Almagul Menlibayeva at Aga Khan Museum

Menlibayeva’s photographic series, Nomadized Suprematism, shows studies of decolonial and nomadic aesthetics placed within the dynamic context of post-socialist, contemporary Kazakhstan. Born in 1969, in Almaty, Kazakhstan with Kazakh-German roots, Menlibayeva’s work analyzes the historical shifts between cultural establishments and the sacrifice for survival in post-socialist Central Asia, inviting us to take a different look at the Silk Roads and showing how the changes touched its ancient people. With education in the Soviet avant-garde school of Futurism, Menlibayeva draws inspiration from enduring mythologies and geopolitics and builds a bridge between past and present. This exhibition brings awareness about the post-Soviet experiences of the native Kazakh people, who are re-establishing their identity after 80 years of Soviet domination and cultural genocide.

Installation view of Almagul Menlibayeva, Nomadized Suprematism at the Aga Khan Museum

Menlibayeva specializes in site-specific, multi-channel video installations, immersive digital media, photography, and contemporary textile art; integrating all into video installations. By expanding artistic horizons using AI technology, this masterpiece of an exhibition critically examines Soviet modernity and post-socialist Central Asian transformations and offers decolonial perspectives on gender, environmental issues, and Eurasian mythologies.

Almagul Menlibayeva, I’m waiting for you, 2010.

The linen-wrapped figures speak to stories of preservation and rebirth. The linen is worn out, like the ruins in the background—a reminder of the impact of colonialism and the oppression of ancient practices. The artist’s work deepens with a personal perspective and lets the viewer see that the women depicted in this series are symbols in search of a new sense of humanity—responding with new identities to the dystopian rise after the collapse of modern utopian ideals. The artist uses close friends and family members (women) as models. These photographs radiate feelings of tribute to the remaining figures of the ancestral tree of today’s Kazakhstan and to the artist’s relations.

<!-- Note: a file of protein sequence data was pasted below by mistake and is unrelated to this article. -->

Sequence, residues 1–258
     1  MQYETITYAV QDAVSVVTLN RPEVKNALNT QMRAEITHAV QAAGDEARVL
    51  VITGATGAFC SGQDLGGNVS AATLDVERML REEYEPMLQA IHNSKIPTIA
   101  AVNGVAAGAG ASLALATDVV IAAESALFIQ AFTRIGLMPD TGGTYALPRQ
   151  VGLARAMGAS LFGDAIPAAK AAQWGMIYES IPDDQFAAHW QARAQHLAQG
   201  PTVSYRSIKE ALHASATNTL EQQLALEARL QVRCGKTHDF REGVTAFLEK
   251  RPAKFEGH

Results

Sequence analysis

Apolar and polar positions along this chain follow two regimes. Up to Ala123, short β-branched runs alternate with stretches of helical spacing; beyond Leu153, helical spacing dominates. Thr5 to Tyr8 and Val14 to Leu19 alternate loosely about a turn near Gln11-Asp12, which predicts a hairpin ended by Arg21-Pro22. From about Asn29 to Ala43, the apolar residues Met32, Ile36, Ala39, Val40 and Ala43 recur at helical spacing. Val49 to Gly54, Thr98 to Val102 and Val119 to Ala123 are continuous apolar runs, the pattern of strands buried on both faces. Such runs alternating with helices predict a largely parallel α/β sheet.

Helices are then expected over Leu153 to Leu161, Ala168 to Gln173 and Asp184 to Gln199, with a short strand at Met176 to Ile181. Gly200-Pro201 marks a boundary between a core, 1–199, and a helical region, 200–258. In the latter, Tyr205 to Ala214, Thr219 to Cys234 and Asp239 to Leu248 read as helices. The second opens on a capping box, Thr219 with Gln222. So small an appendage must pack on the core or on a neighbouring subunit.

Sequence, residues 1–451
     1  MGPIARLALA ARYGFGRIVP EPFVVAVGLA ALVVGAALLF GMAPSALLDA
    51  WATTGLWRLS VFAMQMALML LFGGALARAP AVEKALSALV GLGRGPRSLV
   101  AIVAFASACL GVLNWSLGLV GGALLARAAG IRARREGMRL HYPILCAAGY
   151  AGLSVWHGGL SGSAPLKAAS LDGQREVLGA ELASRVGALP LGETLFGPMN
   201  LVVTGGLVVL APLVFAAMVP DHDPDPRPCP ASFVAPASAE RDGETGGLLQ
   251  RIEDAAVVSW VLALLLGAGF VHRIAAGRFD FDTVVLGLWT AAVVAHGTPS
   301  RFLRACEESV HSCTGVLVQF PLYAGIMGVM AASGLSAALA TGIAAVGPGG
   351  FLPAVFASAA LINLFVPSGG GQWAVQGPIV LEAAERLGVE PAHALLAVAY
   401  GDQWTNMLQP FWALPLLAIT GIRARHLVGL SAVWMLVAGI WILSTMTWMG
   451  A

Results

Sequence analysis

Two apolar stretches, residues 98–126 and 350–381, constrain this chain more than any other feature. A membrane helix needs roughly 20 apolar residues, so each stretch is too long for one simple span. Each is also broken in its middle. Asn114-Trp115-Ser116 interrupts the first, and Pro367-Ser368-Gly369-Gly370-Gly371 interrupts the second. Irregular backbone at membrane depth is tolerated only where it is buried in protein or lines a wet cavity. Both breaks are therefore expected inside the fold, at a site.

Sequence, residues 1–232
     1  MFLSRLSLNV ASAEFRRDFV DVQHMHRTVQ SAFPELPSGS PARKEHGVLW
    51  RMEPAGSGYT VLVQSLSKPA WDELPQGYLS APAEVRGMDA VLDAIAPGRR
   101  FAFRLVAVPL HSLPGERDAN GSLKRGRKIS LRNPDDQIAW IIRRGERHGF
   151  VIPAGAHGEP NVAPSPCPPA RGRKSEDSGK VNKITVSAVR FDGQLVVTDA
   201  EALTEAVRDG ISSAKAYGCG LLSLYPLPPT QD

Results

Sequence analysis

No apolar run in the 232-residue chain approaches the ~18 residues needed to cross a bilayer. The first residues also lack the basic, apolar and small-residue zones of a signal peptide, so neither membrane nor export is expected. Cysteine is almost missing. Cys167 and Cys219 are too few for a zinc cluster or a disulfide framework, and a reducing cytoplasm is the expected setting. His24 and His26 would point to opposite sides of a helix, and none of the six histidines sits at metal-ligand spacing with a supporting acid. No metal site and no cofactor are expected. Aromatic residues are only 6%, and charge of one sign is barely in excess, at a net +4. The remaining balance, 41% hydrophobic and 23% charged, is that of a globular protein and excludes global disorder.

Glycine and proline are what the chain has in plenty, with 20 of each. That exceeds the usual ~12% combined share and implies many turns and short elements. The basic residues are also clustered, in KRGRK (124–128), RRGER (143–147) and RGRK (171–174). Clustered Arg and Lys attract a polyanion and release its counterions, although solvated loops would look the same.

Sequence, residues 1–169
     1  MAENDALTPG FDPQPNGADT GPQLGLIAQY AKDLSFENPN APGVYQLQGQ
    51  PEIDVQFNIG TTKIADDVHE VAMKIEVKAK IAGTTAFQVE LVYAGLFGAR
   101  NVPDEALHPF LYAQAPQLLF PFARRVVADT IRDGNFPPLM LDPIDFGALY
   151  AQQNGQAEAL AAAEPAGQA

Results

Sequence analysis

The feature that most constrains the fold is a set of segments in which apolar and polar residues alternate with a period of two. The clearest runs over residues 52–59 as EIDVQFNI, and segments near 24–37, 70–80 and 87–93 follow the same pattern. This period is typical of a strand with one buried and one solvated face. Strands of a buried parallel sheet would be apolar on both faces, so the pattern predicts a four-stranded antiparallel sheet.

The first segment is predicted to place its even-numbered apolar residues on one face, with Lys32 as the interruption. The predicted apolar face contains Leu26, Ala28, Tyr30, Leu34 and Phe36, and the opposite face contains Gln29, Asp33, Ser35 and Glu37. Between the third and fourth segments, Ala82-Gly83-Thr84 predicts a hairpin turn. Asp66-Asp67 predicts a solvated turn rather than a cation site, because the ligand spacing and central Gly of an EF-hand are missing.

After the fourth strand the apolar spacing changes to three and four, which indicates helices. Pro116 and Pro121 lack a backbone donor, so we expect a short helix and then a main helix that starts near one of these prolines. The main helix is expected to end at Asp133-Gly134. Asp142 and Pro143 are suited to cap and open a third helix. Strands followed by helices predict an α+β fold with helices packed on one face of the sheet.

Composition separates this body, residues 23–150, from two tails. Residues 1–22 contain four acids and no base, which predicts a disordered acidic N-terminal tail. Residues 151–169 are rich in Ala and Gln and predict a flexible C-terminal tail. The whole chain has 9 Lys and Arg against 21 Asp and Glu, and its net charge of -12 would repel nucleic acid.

Almagul Menlibayeva, Global Entry, 2010.

“The Bus Stop (Konehchnaya)” documents a former Soviet nuclear test site, where, between 1949 and 1989, 456 explosions (underground and atmospheric) were carried out. The entire area of 16,000 square kilometres served as the scientific center of the city and was usually indicated on maps as “Final” or “End”.

Almagul Menlibayeva, The Bus Stop (Konehchnaya) (End), 2018

Another work that demonstrates this ecological disaster is “Malevich Tank”, 2011, where a piece of an industrial gas tank, with a soviet cartoon on it, was left untouched in this location, almost as if it had set its roots into the ground, becoming one with the land where it was once foreign.

Almagul Menlibayeva, Malevich Tank, 2011

Almagul Menlibayeva’s work combines narrative construction and socio-political commentary, putting women at the centre for their role of weaving heritage and culture with social and political change.

Almagul Menlibayeva, Transoxiana Dreams, 2011

Since the collapse of Soviet rule, many mosques were never completed or removed. This is an interesting transition because it is another short-lived time that has marked the land and the life of people living there for generations. Perhaps the artist is trying to tell us that some monuments are meant to stay to show us what a decolonial process might look like even after empires fall. In other words, it doesn’t rewind time and take everything back to its original place but rather gives a perspective on how to move forward to rebuild with what has been left behind.  

Installation view of Almagul Menlibayeva, Nomadized Suprematism at the Aga Khan Museum

Nomadized Suprematism serves as a voice, that empowers a cultural exodus that makes us question who we are and where are we going.

Polyna Alexseev

Images are: Aga Khan Museum Exhibition Contact Photography Festival Park Tunnel. Photo: Aly Manji.

*Exhibition information: Almagul Menlibayeva, Nomadized Suprematism, May 1 – June 12, 2024, Almagul Menlibayeva, My Silk Road to You is open till September 3, 2024, Aga Khan Museum, 77 Wynford Drive, Toronto. Museum hours: Tue & Thu – Sun 10:30 am – 5:30 pm, Wed 10 am – 8 pm.

The exhibitions are part of CONTACT Photography Festival.

Leave a Reply

Your email address will not be published. Required fields are marked *